Myelopoiesis. As granulocytes develop and mature, they go through a series of recognizable morphologic stages that correlate with the expression of genes that confer the specific functions indicated on the time line. HSC: hematopoietic stem cell (Used with permission from Gaines P and Berliner N. Granulocytopoiesis. In Clinical Hematology, Young N, ed, Philadelphia, USA, Mosby/Elsevier, 2006, 62.)


Neutrophil pools. The relative proportions of cells in various pools of neutrophils and neutrophilic progenitors are shown (see text for details).

In most clinical laboratories, the normal white blood cell count ranges from 4500 to 11,000/μL, with approximately 60% of the cells being neutrophils. Leukocytosis, an elevation in the white blood cell count, usually stems from a pathologic insult that stimulates a systemic inflammatory reaction. By far the most common form of leukocytosis is granulocytosis, an increase in neutrophils also known as neutrophilia.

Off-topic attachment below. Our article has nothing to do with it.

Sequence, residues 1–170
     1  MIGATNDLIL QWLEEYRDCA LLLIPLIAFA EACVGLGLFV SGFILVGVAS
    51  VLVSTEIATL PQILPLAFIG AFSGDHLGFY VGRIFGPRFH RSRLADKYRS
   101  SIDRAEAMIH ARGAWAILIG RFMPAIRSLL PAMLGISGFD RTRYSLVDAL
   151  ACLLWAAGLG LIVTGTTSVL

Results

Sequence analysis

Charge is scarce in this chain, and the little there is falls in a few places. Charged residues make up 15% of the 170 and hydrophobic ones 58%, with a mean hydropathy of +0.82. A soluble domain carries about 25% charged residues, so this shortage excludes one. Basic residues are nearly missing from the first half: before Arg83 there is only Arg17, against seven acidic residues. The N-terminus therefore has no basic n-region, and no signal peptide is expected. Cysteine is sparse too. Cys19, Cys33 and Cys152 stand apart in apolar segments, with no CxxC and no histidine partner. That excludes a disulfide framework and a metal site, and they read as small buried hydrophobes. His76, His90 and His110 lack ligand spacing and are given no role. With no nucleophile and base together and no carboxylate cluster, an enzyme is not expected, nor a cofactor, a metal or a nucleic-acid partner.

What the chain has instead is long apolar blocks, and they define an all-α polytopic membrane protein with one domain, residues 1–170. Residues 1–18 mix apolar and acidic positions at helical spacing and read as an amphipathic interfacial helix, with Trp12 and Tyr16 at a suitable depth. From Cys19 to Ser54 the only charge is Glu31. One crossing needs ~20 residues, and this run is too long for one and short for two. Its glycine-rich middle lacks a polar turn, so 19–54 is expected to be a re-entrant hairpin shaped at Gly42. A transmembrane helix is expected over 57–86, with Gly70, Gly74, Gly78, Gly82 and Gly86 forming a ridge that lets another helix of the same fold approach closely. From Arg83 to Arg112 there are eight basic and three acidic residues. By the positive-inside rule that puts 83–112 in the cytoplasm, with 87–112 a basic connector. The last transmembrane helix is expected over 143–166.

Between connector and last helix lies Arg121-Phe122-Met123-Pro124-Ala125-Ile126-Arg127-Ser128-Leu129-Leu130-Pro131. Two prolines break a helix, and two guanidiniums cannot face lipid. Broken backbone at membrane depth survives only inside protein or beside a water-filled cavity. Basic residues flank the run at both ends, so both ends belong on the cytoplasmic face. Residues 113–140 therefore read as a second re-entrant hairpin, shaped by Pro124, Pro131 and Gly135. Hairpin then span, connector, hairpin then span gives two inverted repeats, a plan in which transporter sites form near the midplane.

Acute inflammation of any cause can produce the rapid appearance of granulocytosis by mobilizing neutrophils from the marrow storage pool. In particularly severe bacterial infections, immature granulocytic forms, such as band cells or even earlier progenitors, may be released into the blood (a finding also called a left-shift), and in extreme cases the white blood cell count may rise to >50,000/mm3. In such instances the marked leukocytosis and the presence of immature cells may mimic the appearance of a myeloid leukemia (leukemoid reaction). Occasionally, the inflammatory process may involve the marrow itself and produce marrow fibrosis and distortion, leading not only to the release of immature myeloid elements but also nucleated erythroid progenitors and misshapen tear-drop red cells. This combination of features in a peripheral smear is referred to as leukoerythroblastosis. If the marrow involvement is extensive, myelophthisic anemia may result (Chapter 4). It should be emphasized, however, that in the vast majority of cases granulocytosis is a reaction to disorders involving tissues other than the marrow. In contrast, neutropenia, an abnormally low neutrophil count, is often caused by defects in neutrophil production that may require a bone marrow examination for evaluation.